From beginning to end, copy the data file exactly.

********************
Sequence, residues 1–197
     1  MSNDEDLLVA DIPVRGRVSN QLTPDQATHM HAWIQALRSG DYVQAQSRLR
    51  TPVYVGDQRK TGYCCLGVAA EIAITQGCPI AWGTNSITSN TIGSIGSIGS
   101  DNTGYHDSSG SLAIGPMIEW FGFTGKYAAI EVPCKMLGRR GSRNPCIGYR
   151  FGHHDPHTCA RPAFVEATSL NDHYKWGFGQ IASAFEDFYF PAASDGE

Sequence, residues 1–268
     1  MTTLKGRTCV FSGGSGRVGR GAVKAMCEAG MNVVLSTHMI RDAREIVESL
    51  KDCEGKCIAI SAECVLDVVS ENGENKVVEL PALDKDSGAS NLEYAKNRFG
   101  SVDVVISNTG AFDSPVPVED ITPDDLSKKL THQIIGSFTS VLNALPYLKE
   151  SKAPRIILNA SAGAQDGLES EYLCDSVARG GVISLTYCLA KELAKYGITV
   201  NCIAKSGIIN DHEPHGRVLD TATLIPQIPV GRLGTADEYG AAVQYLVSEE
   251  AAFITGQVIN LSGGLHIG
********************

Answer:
Sequence, residues 1–197
     1  MSNDEDLLVA DIPVRGRVSN QLTPDQATHM HAWIQALRSG DYVQAQSRLR
    51  TPVYVGDQRK TGYCCLGVAA EIAITQGCPI AWGTNSITSN TIGSIGSIGS
   101  DNTGYHDSSG SLAIGPMIEW FGFTGKYAAI EVPCKMLGRR GSRNPCIGYR
   151  FGHHDPHTCA RPAFVEATSL NDHYKWGFGQ IASAFEDFYF PAASDGE

Sequence, residues 1–268
     1  MTTLKGRTCV FSGGSGRVGR GAVKAMCEAG MNVVLSTHMI RDAREIVESL
    51  KDCEGKCIAI SAECVLDVVS ENGENKVVEL PALDKDSGAS NLEYAKNRFG
   101  SVDVVISNTG AFDSPVPVED ITPDDLSKKL THQIIGSFTS VLNALPYLKE
   151  SKAPRIILNA SAGAQDGLES EYLCDSVARG GVISLTYCLA KELAKYGITV
   201  NCIAKSGIIN DHEPHGRVLD TATLIPQIPV GRLGTADEYG AAVQYLVSEE
   251  AAFITGQVIN LSGGLHIG